Housebuilder says ‘turnaround complete’ after torrid few years
Crest Nicholson has moved back into profit following a strong sales performance and an overhaul of its balance sheet.
The housebuilder, in its results for the year to 31 October, reported pre-tax profit of £86.9m compared to a £13.5m loss the previous year. The firm said its adjusted pre-tax profit, taken before accounting for £20.8m of exceptional items, rose from £45.9m in 2020 to £107.2m, ahead of expectations at the start of the year.
Crest’s total revenue jumped 16% from £677.9m to £786.6m. This is still significantly down, however, on the £1.1bn recorded in 2019, pre-pandemic.
The firm’s results were boosted by a 17.4% increase in sales, from £693.1m in the covid-hit 2020 year to £813.6m to October 2021. The housebuilder also said its sales per outlet week increased from 0.59 to 0.8.
It added that forward sales as of this week stood at 2,702 units with a gross development value of £719m, compared to 2,435 with a GDV of £564.5m this time last year.
The return to profitability follows a restructuring after a difficult few years for the housebuilder, which made a string of profit warnings pre-pandemic and in 2020 announced redundancies as it slumped into the red.
In its latest results, Crest said it has now transformed its balance sheet, nearly doubling its net cash over the year to £252.8m from £142.2m. It said this was due to “more disciplined capital allocation”, better aligning build stages to sales rates and the divesting of “poorer legacy schemes.”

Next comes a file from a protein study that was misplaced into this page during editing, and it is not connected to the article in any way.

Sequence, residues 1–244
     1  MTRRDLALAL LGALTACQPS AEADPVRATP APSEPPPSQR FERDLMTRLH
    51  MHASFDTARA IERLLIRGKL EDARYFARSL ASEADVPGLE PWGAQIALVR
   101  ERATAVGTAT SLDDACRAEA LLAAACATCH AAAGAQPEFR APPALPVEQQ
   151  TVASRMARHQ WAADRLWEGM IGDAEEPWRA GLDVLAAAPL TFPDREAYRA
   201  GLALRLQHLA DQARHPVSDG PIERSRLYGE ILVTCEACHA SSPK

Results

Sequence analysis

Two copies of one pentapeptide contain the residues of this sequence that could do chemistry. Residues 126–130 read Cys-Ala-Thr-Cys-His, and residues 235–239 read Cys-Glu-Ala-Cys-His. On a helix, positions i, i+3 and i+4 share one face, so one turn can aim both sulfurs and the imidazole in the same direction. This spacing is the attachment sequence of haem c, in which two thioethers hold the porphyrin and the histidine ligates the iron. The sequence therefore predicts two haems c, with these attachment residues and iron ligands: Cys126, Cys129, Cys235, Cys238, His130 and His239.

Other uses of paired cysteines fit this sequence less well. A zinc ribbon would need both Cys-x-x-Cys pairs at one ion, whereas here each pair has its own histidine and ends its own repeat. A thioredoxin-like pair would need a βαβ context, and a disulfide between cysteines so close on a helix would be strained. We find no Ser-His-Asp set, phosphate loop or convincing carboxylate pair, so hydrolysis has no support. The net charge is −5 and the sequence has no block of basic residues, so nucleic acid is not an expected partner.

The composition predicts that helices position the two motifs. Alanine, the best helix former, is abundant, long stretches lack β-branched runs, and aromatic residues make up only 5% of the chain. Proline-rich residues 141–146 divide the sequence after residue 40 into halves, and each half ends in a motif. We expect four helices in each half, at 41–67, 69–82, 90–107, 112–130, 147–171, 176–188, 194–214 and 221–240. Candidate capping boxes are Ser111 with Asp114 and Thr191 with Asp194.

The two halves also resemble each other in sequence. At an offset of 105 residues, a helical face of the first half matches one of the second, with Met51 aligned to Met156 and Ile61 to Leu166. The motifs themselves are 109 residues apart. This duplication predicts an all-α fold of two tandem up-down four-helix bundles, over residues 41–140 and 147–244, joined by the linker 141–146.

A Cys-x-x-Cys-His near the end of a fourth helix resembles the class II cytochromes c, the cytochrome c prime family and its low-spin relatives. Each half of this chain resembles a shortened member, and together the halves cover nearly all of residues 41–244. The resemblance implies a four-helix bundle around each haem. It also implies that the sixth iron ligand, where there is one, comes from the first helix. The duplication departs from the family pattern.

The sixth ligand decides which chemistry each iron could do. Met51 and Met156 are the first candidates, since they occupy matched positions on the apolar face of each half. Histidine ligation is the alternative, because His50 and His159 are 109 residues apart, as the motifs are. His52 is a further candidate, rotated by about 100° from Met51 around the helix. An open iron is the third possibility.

The housebuilder said the improved balance sheet would allow it to grow and it plans to start to set up new divisions in Yorkshire and East Anglia this year.
Crest said material shortages and labour availability have created “inflationary pressures in some areas” but it has monitored these risks and “maintained effective relationships with supply chain partners through comprehensive trade agreements.”
“During this financial year the pandemic continued to affect operations, however the market remained open throughout, and the sales environment was largely favourable,” said Peter Truscott, chief executive of Crest Nicholson.
Crest increased its provision for fire safety remediation work after assessing potential building work of all its properties, adding a further £28.8m to the £14.8m already set aside.
Crest also said it was looking at the impact of Michael Gove’s announcement last week of plans to force housebuilders to pay £4bn into a fund for fire safety work on blocks between 11 and 18 metres in height. It said: “The board is carefully considering the impact of this update and is representing its views in response through the Home Builders Federation (HBF), who have sought to establish a dialogue with the government in this area.
“The group recognises the distress caused to homeowners from living in a property that they rightfully expect is safe and has been built to a standard that is compliant with all the necessary building regulations.”
The £28.8 charge for cladding work contributed to an overall £20.8m of exceptional items, which also included an £8m boost from the revaluation of land. This compares to a £43.8m write-down in the 2020 figures.
Crest also announced this week it has agreed a £120m deal with funds managed by global investment firm, Oaktree Capital Management and CompassRock International to sell 403 build-to-rent homes across three developments in southern England.